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The book is written in a language that is very accessible, very clearly.
This is clearly a view that Davies shares though, as some of his other books indicate, he does not think that this makes human existence meaningless.
This is one of the very best science for the layman books I've read, and I've read dozens.
Paul Davies brilliantly conveys how "fine tuned" the universe has to be to be able to support life. Read morePublished 1 month ago by Axiom
To consider the universe as one chaotic mess and the product of time plus chance plus matter is folly. Read morePublished 2 months ago by KE Buddenbrock
I was looking for an epistemology that would inspire the scholar like universal
laws tuned to David Deutsch's knowledge creation in "The Beginning of Infinity" and the... Read more
This is one of the very best science for the layman books I've read, and I've read dozens. Davies has a knack for explaining things without getting too obscure.Published 3 months ago by D. Cabarga
The book, of course, is supposed to address the anthropic cosmological principle. It does that, but Davies wanders off too much chasing rabbits. Read morePublished 3 months ago by aopmike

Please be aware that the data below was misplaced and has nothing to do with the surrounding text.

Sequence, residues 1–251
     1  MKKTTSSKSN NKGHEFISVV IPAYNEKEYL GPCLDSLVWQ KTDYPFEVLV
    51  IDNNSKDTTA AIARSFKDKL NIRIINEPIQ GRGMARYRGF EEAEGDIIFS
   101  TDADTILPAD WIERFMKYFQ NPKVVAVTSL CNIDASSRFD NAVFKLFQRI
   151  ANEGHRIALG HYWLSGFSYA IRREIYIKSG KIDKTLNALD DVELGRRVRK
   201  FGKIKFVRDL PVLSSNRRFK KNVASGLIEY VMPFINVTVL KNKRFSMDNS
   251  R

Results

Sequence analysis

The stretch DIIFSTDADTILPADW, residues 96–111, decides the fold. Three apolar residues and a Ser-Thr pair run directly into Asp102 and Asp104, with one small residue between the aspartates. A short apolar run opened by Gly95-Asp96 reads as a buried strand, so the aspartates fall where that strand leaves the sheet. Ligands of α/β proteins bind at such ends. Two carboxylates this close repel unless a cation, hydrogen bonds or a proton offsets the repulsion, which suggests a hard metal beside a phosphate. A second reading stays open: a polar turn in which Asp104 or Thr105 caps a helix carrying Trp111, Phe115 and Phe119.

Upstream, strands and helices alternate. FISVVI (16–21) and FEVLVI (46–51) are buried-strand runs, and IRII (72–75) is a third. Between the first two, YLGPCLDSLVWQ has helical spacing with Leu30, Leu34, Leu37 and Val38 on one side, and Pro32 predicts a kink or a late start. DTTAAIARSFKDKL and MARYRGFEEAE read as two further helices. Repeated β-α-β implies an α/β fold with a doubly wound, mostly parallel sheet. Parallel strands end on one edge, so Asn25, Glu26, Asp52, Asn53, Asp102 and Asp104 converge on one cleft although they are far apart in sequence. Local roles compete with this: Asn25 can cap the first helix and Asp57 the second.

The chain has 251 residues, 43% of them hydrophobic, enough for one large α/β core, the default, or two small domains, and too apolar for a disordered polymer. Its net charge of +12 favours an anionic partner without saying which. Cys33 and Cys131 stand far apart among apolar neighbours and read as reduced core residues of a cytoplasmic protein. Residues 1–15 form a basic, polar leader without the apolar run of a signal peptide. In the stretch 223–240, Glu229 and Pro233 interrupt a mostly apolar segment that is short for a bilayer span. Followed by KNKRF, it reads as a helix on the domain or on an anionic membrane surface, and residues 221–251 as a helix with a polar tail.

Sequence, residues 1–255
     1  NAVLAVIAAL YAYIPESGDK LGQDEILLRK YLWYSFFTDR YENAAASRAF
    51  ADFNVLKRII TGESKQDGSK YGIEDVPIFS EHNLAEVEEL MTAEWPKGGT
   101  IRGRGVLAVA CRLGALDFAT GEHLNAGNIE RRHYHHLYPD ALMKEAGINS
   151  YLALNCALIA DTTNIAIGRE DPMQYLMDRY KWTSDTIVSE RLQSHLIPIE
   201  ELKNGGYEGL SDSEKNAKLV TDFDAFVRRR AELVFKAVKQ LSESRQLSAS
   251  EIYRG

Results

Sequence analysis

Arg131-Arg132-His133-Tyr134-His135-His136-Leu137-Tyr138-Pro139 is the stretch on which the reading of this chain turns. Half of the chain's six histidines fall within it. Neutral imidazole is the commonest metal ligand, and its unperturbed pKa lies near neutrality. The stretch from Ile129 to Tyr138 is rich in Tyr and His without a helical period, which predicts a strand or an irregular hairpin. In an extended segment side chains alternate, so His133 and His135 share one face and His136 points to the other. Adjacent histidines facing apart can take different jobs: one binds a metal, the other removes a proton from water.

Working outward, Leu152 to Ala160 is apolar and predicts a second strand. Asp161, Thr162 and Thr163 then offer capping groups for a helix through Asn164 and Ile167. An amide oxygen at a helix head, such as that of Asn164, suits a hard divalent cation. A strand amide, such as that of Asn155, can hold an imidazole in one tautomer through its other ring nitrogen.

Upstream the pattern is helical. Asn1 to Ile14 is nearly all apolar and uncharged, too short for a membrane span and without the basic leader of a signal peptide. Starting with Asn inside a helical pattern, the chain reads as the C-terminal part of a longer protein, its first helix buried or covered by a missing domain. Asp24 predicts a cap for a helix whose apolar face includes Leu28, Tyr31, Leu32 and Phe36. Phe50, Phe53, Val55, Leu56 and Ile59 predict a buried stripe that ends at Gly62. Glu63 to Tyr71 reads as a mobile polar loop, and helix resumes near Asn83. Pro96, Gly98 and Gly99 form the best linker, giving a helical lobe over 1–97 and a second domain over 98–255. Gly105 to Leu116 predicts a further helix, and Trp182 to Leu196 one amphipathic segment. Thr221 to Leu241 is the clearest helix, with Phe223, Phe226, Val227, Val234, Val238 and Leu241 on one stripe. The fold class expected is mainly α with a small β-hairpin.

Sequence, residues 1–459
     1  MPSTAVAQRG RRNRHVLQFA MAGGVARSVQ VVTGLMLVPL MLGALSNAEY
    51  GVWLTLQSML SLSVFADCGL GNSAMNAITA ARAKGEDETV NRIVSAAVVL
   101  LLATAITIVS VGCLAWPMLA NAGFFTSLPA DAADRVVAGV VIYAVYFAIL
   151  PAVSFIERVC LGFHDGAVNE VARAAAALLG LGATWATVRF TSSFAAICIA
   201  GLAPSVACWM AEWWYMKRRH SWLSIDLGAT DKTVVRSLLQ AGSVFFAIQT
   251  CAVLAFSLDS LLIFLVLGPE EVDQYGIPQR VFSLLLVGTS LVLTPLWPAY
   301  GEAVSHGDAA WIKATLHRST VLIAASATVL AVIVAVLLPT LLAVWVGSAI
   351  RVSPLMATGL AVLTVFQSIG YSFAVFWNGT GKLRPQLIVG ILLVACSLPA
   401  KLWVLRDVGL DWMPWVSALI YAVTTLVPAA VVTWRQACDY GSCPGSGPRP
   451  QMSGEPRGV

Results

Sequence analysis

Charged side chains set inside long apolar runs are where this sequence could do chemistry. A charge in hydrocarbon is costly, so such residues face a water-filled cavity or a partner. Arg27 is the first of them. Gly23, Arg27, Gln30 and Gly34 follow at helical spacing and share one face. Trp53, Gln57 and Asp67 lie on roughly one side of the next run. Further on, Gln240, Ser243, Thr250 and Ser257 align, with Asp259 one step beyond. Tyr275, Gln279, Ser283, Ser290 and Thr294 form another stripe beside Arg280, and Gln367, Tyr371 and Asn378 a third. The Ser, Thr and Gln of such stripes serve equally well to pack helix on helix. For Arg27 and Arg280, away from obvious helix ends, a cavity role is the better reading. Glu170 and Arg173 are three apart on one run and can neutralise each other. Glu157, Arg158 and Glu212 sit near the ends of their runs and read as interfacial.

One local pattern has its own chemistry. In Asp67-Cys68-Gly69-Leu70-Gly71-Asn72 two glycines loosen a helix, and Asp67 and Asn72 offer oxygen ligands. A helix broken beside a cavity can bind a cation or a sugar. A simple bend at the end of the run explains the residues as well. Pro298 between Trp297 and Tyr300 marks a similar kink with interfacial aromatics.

Quite a good read,full of scientific information.However you will not find the keys to life's great mysteries in this book. Read morePublished 6 months ago by Rossity
I was happy to read such a comprehensive treatment of why the universe is just right for life, but somewhat disappointed that the author really didn't choose a position of the many... Read morePublished 7 months ago by Carroll S. Rankin Jr.
This book takes work to appreciate, because many of the concepts presented are abstruse ones from the domains of physics and mathematics, but Davies doesn't flinch from examining... Read morePublished 8 months ago by Mike
The book is written in a language that is very accessible, very clearly. The topic is very interesting.
The reading of this book is very exciting. Read more